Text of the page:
Scammers play a long game using bogus, AI-backed ‘law firm’


A new artificial intelligence-backed scam is as multi-faceted and lengthy as it is unconvincing  — at least for would-be victims who dig below the surface.

I recently received a threatening “DMCA Copyright Infringement Notice” email from an alleged law firm claiming that a Cointelegraph article had used a copyrighted stock image owned by a vague cryptocurrency firm, the name of which I will refrain from sharing so as not to boosti its online credibility.

The first problem? The purported image wasn’t even present in the article. Still, the “law firm” sent a second email several hours later, reciting the same threats and reusing the same image. This time, however, it was allegedl working on behalf of a different and equally nebulous, AI-backed crypto platform.

Related: With Bitcoin’s halving months away, it may be time to go risk-on

The entity behind the threat was demanding that Cointelegraph link to its website. Such “backlinking” is a practice that Google rewards with heightened visibility in search results. The perpetrators of this particular scam are apparently attempting to dupe busy news editors into providing links for their bogus website.

In this case, the threat came from an “Alicia Weber,” a purported employee for “Nationwide Legal Services.” Weber gave me five days to provide a link to her website before I was staring down a copyright lawsuit. (The “law firm,” coincidentally, uses a .site domain — the first red flag.)

Something was obviously off. This was clearly some new type of scam. Weber claimed that “simply removing the image [would] not rectify the issue.” (Generally speaking, from a legal perspective, it would.) She demanded that I include a link to the “notable entity” and “prominent organization” she had named.

I wanted to learn more, so I started conducting some research. That’s when I realized Weber wasn’t real.

While realistic, Nationwide’s legal team gives that “uncanny valley” feeling. Source: Screenshot

The headshots of Nationwide’s “lawyers” give off that “uncanny valley” feeling. Anyone who works in crypto spends a lot of time poring over AI images and deep fakes — which were easily recognizable in this case. The corporate headshots of the vague crypto firm’s “dream team” had AI-generated hallmarks with unreal dream-like glows and glossed-over eyes.

 Samuel Thornton looks like someone’s idea of an early 2000s CEO. Source: Screenshot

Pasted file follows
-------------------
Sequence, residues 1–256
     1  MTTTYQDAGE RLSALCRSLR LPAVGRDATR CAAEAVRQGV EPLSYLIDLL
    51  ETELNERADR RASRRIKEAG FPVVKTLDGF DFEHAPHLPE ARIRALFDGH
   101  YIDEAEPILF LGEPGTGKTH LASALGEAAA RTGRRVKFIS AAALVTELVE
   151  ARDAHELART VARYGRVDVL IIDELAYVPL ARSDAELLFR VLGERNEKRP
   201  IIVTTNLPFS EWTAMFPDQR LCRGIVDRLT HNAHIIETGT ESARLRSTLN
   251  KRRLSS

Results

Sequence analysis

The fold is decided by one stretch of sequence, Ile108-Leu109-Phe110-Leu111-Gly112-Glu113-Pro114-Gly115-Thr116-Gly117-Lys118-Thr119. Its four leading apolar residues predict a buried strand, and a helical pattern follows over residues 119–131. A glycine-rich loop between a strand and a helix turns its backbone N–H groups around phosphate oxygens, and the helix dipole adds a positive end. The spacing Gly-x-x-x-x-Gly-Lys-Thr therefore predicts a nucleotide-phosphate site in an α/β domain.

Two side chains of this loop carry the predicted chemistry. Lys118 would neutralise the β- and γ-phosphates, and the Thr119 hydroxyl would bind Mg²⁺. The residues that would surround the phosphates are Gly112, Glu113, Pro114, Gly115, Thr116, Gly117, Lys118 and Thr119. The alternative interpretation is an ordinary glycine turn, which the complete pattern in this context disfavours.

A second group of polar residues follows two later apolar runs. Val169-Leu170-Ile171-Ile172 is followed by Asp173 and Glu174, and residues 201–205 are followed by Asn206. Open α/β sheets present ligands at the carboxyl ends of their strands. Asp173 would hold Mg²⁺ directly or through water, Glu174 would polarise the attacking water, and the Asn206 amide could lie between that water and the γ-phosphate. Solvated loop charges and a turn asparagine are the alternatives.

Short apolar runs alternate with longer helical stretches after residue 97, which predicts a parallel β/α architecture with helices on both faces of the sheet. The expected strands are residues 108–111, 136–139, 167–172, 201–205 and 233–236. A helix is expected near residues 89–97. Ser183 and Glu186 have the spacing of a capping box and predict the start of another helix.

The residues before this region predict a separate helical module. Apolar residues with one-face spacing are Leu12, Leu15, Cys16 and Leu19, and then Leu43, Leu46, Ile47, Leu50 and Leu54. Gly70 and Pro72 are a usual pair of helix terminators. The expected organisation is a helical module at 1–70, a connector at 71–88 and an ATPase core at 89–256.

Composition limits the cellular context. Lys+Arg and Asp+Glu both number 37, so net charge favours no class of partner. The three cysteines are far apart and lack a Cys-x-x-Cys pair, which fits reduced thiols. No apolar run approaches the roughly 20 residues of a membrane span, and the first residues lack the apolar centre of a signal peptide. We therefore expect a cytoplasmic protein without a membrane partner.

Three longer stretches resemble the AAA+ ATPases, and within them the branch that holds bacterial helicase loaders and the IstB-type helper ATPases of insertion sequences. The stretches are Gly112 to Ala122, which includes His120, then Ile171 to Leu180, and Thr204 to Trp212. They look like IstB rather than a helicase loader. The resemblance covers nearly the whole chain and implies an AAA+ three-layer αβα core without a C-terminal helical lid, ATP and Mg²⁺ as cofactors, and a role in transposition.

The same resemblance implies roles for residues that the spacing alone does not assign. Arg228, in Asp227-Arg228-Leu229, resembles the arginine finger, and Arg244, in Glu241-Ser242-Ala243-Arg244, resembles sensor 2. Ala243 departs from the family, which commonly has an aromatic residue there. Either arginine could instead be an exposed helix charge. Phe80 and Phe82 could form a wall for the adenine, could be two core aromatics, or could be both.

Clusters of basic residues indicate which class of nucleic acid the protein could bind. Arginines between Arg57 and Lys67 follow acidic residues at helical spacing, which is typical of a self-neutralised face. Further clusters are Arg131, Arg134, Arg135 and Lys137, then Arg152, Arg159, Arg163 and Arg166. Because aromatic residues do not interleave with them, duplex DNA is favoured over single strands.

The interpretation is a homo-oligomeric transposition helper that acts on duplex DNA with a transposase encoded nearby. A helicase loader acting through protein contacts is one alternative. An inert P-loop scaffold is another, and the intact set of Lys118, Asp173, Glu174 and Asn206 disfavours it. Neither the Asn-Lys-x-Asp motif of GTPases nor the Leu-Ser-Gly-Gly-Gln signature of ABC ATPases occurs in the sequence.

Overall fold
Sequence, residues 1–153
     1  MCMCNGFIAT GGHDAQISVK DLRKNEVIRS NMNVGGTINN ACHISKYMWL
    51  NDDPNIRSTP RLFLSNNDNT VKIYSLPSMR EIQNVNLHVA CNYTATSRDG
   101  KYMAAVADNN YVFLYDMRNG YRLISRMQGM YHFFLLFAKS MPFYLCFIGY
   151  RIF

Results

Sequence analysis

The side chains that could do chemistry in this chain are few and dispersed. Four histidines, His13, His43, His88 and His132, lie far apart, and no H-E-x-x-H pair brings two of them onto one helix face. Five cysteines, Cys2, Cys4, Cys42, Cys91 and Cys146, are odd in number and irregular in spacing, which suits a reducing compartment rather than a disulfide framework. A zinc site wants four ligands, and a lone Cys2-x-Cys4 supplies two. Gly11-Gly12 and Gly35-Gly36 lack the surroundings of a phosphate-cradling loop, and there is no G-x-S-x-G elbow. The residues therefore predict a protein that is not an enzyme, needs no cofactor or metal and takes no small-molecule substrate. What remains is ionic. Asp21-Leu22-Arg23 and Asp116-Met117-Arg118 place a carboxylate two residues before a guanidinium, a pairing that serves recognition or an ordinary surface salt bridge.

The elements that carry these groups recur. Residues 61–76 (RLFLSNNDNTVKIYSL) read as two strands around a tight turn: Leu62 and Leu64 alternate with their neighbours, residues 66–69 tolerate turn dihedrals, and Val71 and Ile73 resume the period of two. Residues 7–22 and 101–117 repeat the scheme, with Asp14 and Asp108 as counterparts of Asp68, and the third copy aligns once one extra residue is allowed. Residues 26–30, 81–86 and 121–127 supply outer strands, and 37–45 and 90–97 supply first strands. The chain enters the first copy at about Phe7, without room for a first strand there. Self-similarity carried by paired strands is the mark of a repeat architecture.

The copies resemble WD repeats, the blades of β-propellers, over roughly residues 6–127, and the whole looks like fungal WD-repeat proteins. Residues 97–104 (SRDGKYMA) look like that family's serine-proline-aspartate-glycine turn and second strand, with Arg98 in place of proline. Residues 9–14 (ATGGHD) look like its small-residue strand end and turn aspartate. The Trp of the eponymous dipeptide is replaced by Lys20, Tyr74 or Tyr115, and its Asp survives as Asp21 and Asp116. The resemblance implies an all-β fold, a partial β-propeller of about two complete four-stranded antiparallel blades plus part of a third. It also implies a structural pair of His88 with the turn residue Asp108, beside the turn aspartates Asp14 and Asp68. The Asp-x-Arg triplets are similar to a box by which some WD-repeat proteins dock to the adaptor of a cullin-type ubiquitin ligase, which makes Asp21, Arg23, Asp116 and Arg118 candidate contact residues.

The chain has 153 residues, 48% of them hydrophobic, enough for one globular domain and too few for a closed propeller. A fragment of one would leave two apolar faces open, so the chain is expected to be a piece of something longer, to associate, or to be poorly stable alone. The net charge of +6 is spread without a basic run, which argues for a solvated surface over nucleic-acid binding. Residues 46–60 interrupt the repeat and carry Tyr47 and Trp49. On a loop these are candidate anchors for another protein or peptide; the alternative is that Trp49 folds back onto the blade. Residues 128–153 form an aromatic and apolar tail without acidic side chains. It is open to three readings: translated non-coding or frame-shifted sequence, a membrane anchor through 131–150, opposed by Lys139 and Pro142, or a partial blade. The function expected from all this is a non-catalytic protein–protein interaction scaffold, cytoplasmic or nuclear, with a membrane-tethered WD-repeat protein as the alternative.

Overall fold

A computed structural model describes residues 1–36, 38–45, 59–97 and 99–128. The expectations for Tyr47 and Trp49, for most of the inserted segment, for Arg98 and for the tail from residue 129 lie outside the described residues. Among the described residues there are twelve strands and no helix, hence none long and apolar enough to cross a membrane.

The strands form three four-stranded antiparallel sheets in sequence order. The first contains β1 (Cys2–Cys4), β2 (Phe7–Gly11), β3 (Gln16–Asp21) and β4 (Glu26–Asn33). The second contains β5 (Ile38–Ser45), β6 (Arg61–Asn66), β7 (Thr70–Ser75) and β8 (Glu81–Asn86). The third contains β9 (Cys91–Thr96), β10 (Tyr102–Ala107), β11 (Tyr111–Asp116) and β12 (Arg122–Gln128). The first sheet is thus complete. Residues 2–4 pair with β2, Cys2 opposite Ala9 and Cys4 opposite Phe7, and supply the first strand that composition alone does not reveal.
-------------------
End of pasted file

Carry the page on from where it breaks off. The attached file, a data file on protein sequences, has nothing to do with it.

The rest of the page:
At least the other fake firm was honest enough to admit they’re not real. Its website’s team page literally says “Our AI Generated Cyborg Team.”

Fun fact: “Paltering” is to mislead by telling the truth. Source: Screenshot

Both sites have a staggering amount of (obviously AI-generated) content and look somewhat professional. If you were a busy enough, worried enough and not-knowing-enough digital news site administrator, you could be forgiven for posting a backlink after a quick look around, if only to stave off a potential lawsuit.

Let’s not lose sight of the irony of an AI-generated threat over a copyright issue. The AI industry arguably has more copyright infringement lawsuits than actual AI models.

Related: WSJ debacle fueled US lawmakers’ ill-informed crusade against crypto

This scam does show a big departure from the arguably lazier phishing scams that have plagued X — formerly known as Twitter — where automated robots (“bots”) post the same obvious links to Google forms, hoping t collect seed phrases.

For the scammer in this case, it’s a painstakingly long process for seemingly little reward. Prompting ChatGPT and image generators for so much content requires untold hours — before any of the rea work begins.

So what’s the scam? Neither website allows a user to connect a crypto wallet, so it’s not a wallet-approval crypto-draining scam. One possibility is that the scammers are nabbing emails and passwords when users sign up for their “services.” Whoever is behind it could either test those on other websites — hoping that users have recycled their credentials — or attempt a phishing scam using their newly revealed email addresses.

I plugged an email into both websites hoping to get deeper into the con. So far, nothing has happened. They went to all of that effort to found a potential victim — but haven’t bothered to finish executing their scam.

What was the point? Perhaps one day, we’ll find out.

Jesse Coghlan is the deputy editor for Cointelegraph’s Asia-Pacific news desk based in Sydney.

This article is for general information purposes and is not intended to be and should not be taken as legal or investment advice. The views, thoughts, and opinions expressed here are the author’s alone and do not necessarily reflect or represent the views and opinions of Cointelegraph.

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